Hiring by enterprises has slowed by 20 percent in the past one year. Small and medium businesses have been hit harder, with their hiring having slowed down by about 40 percent from last year, HackerEarth’s data showed.
HackerEarth is an Indian software company based in San Francisco that provides enterprise software to assist companies such as Amazon, Walmart Labs, Microsoft, and PayPal with technical hiring. The data is based on 152 companies and 474,000 talent engaged.
HackerEarth had about 200,000 freshers applying for jobs through its platform in Q4 of 2021. The number has fallen by 40 percent in Q4 of 2022.
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For the senior developer cohort, the dip is less drastic – about 10,000 applications compared with 16,000 in Q4 of 2021.
“The shifts in the market have meant a re-prioritisation for companies with inefficiencies coming under greater scrutiny. At the same time, the need for transformation and innovation, which have been in overdrive since the pandemic, isn’t slowing down even in the current market,” said Sachin Gupta, founder of HackerEarth.
Gupta said he expects this to be a short-term development manifested by current economic conditions.
Who is hiring what
Artificial intelligence and machine learning will continue to grow at a CAGR of 33.49 percent till 2023 and so will the associated hiring demand.
“Further, hyper-automation will drive businesses to give a clear perspective of tasks and process performance,” Garisa of foundit said.
According to hiring trends tracked by Genius Consultants during Q4, FMCG companies are looking for people in marketing, warehouse managers and related personnel, and people with logistics management skills.
In automobiles, demand was more for production, logistics, sales and technical staff at the factory level.
In pharmaceuticals, the highest demand was for sales representatives, followed by testers and R&D personnel, apart from technical professionals for factories.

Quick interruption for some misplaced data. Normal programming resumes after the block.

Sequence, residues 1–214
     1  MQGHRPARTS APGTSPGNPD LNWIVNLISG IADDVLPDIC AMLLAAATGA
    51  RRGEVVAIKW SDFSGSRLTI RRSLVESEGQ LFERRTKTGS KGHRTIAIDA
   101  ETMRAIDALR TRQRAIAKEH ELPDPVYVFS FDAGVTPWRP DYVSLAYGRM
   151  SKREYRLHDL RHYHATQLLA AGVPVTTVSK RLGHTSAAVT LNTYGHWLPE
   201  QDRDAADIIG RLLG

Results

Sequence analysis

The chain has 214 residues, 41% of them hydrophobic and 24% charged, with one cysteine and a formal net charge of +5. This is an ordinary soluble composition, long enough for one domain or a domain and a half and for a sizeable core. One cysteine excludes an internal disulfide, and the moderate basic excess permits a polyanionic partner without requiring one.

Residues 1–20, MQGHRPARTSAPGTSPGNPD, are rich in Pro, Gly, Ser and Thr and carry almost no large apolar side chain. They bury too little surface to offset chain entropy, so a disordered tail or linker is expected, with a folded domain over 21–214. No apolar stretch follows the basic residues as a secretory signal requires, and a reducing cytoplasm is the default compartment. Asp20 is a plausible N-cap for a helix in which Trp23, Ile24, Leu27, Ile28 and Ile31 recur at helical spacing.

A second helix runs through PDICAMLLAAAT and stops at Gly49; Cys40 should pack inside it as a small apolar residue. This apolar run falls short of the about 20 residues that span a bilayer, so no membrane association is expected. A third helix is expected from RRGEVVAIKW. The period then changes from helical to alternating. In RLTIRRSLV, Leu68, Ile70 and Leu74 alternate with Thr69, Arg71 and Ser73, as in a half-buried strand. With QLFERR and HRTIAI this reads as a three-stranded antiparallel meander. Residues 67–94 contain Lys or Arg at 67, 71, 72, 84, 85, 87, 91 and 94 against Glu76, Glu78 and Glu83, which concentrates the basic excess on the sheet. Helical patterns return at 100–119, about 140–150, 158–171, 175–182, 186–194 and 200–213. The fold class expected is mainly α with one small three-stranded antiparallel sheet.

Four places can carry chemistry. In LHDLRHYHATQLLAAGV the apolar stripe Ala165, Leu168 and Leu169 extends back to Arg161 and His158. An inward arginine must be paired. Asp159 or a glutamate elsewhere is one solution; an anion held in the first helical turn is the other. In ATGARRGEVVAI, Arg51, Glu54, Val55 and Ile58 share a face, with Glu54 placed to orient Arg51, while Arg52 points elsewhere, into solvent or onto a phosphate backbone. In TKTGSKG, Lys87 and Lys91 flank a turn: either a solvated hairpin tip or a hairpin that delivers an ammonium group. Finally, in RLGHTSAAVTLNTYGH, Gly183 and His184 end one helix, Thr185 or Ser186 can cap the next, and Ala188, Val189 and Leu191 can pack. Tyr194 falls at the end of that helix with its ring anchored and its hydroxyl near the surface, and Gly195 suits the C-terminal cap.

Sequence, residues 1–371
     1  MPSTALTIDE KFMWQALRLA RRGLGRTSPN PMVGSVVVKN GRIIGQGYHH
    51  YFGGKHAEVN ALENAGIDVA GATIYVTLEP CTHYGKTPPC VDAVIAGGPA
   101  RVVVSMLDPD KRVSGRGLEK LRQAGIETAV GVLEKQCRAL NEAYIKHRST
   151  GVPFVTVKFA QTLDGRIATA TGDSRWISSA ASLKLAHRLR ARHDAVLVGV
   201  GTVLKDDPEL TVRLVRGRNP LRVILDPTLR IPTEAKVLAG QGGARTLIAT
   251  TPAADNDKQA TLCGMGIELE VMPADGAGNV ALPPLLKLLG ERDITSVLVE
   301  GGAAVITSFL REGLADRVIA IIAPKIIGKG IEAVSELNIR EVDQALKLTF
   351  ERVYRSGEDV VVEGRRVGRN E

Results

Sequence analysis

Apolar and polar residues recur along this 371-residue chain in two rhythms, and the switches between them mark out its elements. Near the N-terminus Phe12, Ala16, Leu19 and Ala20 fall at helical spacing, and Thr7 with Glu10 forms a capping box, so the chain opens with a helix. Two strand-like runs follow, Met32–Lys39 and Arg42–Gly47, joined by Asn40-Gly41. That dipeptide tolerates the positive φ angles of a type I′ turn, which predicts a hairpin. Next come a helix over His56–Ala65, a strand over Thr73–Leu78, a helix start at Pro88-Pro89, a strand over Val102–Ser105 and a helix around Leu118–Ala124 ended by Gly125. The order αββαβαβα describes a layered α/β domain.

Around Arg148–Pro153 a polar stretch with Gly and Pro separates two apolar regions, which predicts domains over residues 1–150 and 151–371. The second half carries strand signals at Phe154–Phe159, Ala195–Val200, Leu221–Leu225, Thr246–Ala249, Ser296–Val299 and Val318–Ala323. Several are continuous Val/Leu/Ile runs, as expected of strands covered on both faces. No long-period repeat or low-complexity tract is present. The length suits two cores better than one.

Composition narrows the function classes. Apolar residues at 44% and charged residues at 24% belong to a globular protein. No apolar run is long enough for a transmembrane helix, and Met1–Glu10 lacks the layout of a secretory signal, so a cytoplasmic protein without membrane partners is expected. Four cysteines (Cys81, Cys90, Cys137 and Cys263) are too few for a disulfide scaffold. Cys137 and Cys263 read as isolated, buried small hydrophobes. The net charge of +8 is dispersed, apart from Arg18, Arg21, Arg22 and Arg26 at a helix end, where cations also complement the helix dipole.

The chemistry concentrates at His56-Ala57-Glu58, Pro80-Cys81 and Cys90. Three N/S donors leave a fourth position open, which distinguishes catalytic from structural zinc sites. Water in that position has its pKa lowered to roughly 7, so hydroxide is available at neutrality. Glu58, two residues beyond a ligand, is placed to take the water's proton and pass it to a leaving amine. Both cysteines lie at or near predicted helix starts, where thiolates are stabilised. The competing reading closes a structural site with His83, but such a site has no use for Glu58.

RP Yadav, chairman of Genius Consultants said demand for personnel in most sectors including retailing, banking, FMCG, pharma, logistics and e-commerce will increase 10-15 percent in the next quarter and continue in the first quarter (April-June) of the next financial year.
If the Russia-Ukraine war stops and recession fears ease in the US and the UK, demand in the IT/ITeS market will increase substantially, Yadav added.
“But at the moment, it is difficult to forecast the exact trend and percentage for IT/ITeS,” he said.
ClimateTech is the new craze
HackerEarth said climate change could be the next growth factor as companies become more aware of the potential of technology to make significant contributions to the global climate mission.
An estimated 10,000 developers participated in climate change hackathons over the past four years, with 7,000 in 2022 alone, it said.
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“This is both due to increased opportunities as well as increased awareness among the developer community. We have seen 590 prototypes from 1,500 ideas across all climate change hackathons,” Gupta said.
These prototypes span the gamut of climate change technology – from carbon sequestration tools to the use of Web3 technology for emphasising and demystifying trading of carbon credits.
The companies that run such hackathons are not just from the core tech sector and they include banking, edtech and even NGOs and governments from countries such as the UAE and Botswana.
“An offshoot of this theme is the focus on agri-tech as a result of an increased understanding and awareness of how climate change affects our most basic source of livelihood and food, more so in developing nations,” Gupta said.
On the skills in demand, he said the climate tech sector is an amalgamation of various skill sets that can help solve various issues and there is no singular focus on any specific technical aspect.
The role of technology in mitigating climate disasters is mostly centred on data analysis, extracting insights, and designing solutions. Data science, machine learning and AI skills lend themselves nicely to this domain. Also, climate tech systems interact with IoT devices deployed at various places, collecting data.